A visit to bushfire affected communities by an EML Case Manager sheds valuable light on support required for injured workers.

EML Case Management Specialist Hayley Brooks met with customers in the Sussex Inlet region last month. The qualified social worker, who manages some of the most challenging cases of serious injury and impairment says the three-day community visit gave insight into some of the issues facing entire communities during a mass event.

People are overwhelmed, given what they have been through already so it’s great to be able to sit down and talk through the claims process together,” Ms Brooks said.

Ms Brooks also helped distribute masks and information to assist with keeping employees and employers safe at workplaces during this time. 

“People were able to come away with something tangible.”

Ms Brooks said two words continually come to mind from her time in the fire affected zones.

“Community spirit.”

People were constantly thinking about the community, had guilt that they couldn’t do more and were concerned about others who they felt were worse off than they were.”

Ms Brooks says one-on-one contact has been invaluable in providing a greater understanding of what people were going through and most concerned about as they responded to the bushfire crisis.

“In a sense it has helped us connect on a deeper level. It’s definitely helped with rapport, meaning workers get the support they need, when they need it,” Ms Brooks said.

Ms Brooks is sharing her experience with peers at EML, so her insights are amplified across case management professionals providing support to injured workers who are living in bushfire affected communities.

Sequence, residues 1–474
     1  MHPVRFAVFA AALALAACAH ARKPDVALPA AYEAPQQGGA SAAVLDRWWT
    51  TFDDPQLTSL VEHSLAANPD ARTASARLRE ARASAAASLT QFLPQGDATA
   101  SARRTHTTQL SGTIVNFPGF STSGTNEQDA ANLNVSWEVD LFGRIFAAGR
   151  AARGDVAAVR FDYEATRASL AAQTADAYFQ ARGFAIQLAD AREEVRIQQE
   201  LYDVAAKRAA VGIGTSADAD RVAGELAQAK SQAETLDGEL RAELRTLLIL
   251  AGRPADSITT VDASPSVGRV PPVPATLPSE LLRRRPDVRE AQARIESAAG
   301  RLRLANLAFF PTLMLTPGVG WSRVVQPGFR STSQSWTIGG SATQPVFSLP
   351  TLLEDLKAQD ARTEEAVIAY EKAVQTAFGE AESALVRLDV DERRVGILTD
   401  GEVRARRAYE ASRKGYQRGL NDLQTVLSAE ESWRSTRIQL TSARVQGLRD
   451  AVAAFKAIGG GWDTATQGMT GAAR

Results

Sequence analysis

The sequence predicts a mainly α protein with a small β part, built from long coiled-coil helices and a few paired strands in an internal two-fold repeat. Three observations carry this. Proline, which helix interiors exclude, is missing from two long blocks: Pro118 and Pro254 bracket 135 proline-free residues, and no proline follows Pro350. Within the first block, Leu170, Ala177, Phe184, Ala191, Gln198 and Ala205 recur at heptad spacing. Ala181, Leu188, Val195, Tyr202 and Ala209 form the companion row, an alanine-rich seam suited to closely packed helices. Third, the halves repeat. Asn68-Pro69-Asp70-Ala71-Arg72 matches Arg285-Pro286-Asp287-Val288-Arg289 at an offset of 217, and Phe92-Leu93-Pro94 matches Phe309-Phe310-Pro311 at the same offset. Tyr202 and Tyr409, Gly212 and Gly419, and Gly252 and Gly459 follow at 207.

“Communication lines were down, many of the medical practitioners were closed so patients can't get appointments. Access to food and clean water is uncertain at times. If you’ve got an injury as well, working on your recovery becomes very challenging! As case managers it becomes much harder to help someone when this kind of infrastructure isn’t available. We need to find out from injured workers what’s going on for them because there may be other ways that we can support them. That was a huge insight for me.”

EML is reviewing Ms Brooks’ findings and experiences, looking to ensure there is a more holistic view of a customer’s life and their circumstances, particularly in disaster zones. These include:

  • Identifying and then connecting people with other support resources, such as the Commonwealth Disaster Scheme and other, state schemes on offer
  • Having a greater understanding of the big picture and relating this to the customer
  • Face-to-face conferencing in affected areas to help consider responses to the significant issues being experienced 

Ms Brooks says these three overarching findings can make a huge difference to someone’s circumstances and ultimately the speed of their recovery.

“Sometimes it’s more about giving people hope and options, when recovery and return to work at first seems too challenging.”